This Boy’s Life is a memoir dealing with guilt, abandonment, cruelty and lies, but most of all it is a novel about a never dying belief of one’s self.This Boy’s Life is a memoir dealing with guilt, abandonment, cruelty and lies, but most of all it is a novel about a never dying belief of one’s self. It is an upsetting story about abuse, and about wanting and believing that you deserve a better life. Written in a spare, clear and hypnotic Hemingway-way, a fixating novel. Toby Wolff, later Jack, and his mother are on the road. They are moving to Utah to start a new life, but unfortunately his mother’s boyfriend Roy comes after them. Jack and his mother eventually escape Roy but soon find themselves moved in with another abuser, Dwight. Dwight demeans, bullies and punishes Jack for no reason and it takes a long time before Jack’s mother realizes what is going on when she is not around, but when she witnesses Dwight hurt her son she decides to get a divorce. In comparison to the protagonist in Dave Pelzer’s A Child Called “It”, a horrific autobiography describing in detail the abuse Pelzer was subjected to as a child, Jack is not perceived as the typical victim one sympathizes. Because unlike the protagonist in Pelzer’s novel, Jack eventually stands up for himself and understands that what he is subjected to is wrong and unfair. Jack deals with his situation through escapism via imagination and as the story moves on he begins to turn his fantasies into reality. In Dave Pelzer’s novel it is impossible not to sympathize with the protagonist, but Jack is a rising underdog. He stands up for himself and tries to improve his situation and therefore one sometimes forgets to feel sorry for him. Wollf’s memoir is an inspirational story and it teaches that one should never allow anyone else to define oneself. ...more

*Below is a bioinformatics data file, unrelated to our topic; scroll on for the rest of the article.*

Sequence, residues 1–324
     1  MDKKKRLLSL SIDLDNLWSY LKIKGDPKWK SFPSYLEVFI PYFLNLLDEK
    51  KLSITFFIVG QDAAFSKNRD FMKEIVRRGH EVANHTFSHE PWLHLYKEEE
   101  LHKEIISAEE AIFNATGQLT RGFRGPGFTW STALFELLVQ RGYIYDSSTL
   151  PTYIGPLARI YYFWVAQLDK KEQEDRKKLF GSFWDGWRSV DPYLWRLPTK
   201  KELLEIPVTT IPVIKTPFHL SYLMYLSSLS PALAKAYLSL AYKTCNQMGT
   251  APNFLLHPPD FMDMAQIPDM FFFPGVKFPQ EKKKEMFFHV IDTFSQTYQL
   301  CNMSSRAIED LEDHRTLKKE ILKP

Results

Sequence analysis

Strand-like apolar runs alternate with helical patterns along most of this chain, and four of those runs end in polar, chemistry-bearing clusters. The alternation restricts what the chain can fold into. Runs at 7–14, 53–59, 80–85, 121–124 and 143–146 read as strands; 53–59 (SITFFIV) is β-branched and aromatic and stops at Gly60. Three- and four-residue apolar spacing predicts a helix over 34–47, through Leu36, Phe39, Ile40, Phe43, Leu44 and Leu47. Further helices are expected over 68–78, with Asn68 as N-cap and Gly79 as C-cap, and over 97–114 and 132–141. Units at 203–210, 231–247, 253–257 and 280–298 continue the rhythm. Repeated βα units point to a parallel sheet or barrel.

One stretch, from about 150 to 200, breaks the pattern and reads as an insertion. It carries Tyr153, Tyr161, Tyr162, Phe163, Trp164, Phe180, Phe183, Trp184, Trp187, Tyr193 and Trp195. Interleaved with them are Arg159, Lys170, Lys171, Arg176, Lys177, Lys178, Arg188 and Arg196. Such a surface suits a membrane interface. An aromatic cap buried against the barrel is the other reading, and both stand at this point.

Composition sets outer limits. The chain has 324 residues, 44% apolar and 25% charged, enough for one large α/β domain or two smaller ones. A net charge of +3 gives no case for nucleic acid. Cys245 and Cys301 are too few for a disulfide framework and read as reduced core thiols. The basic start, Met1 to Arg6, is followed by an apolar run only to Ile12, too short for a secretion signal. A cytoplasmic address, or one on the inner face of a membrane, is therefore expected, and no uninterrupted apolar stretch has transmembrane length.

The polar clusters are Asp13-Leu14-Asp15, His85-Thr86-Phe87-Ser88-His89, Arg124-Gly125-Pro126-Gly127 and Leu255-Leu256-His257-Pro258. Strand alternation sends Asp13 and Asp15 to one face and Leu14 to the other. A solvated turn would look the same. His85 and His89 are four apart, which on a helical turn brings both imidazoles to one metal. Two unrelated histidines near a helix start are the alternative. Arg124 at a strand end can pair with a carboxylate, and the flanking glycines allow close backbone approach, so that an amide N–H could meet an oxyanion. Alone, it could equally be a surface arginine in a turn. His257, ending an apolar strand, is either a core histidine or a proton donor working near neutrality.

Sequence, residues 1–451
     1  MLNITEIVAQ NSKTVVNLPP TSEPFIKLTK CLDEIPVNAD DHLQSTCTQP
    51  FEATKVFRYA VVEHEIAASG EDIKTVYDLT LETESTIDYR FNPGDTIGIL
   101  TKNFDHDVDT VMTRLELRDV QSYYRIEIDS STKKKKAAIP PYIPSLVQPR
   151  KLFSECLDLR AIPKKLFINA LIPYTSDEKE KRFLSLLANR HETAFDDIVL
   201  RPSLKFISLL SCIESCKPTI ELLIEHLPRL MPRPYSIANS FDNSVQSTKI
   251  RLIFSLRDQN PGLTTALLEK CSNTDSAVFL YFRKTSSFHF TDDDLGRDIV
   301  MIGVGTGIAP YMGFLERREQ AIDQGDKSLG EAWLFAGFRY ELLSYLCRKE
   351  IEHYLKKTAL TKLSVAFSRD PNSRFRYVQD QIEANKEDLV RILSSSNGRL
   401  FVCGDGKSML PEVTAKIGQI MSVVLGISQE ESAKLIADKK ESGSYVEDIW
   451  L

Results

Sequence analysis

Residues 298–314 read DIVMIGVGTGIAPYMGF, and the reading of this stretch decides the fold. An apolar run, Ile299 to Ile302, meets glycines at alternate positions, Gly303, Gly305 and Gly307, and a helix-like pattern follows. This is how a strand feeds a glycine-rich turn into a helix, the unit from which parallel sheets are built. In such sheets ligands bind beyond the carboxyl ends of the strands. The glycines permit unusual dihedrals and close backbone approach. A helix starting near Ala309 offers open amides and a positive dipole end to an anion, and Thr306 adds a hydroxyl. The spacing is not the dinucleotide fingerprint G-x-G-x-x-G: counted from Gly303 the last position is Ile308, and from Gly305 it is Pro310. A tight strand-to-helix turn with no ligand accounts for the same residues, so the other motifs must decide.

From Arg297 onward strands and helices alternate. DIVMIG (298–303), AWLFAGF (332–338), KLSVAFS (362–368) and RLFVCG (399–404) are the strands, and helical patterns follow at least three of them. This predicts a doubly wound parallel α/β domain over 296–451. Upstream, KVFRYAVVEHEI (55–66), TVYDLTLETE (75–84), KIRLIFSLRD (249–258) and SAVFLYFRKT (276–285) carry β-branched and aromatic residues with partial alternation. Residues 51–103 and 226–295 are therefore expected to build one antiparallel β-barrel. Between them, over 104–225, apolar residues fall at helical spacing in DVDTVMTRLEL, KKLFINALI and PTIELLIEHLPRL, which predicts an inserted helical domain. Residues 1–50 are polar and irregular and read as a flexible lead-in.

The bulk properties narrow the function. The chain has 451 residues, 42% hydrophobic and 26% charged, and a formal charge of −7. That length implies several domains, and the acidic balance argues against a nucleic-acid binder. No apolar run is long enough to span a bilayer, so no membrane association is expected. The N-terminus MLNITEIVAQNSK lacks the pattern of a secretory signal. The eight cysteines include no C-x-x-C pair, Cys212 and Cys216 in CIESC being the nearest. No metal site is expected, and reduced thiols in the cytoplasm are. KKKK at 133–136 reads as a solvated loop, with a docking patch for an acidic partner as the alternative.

Michael Dillon is about to turn his life around. He has decided to leave his beautiful but superficial wife Moira for his girlfriend Andrea, and togetMichael Dillon is about to turn his life around. He has decided to leave his beautiful but superficial wife Moira for his girlfriend Andrea, and together with Andrea he is about to start a new life in London. But just when he is about to drop the news to his wife the IRA (the Irish Republican Army) breaks into their house and they are taken hostage. Dillon is faced with a dilemma. He can inform the police about the bomb that the IRA has planted in his car and save dozens of guests at the Clarence Hotel where he works; or, he can insure the safety of his wife by doing what he is told and consequently be the cause of innocent strangers getting blown up. It is understandable that lies of silence got shortlisted for the booker prize because it does accomplish to create a suspense, a setting of political and religious tension and it manages to show how people’s actions can surprise us when they are put in threatening situations. In a way a cleverly written book, with lack of descriptions and told from the decisive and boring Dillon’s point of view; nevertheless, it is a predicable story. In chapter two one already knows how the book is going to end, and two hundred pages later: yes, it is interesting that Dillon is the main character and at the same time the coward but ultimately it is annoying how he goes about to get his life back. Because nobody in fear of his or her life, with any sort of self-preservation, would act as Dillon does. Nobody. An interesting read because of how it is constructed. The lack of a descriptive narrative and the chose of protagonist and point of view prove that it is possible to write about anything in any way. However, it does not necessarily produce a good novel. ...more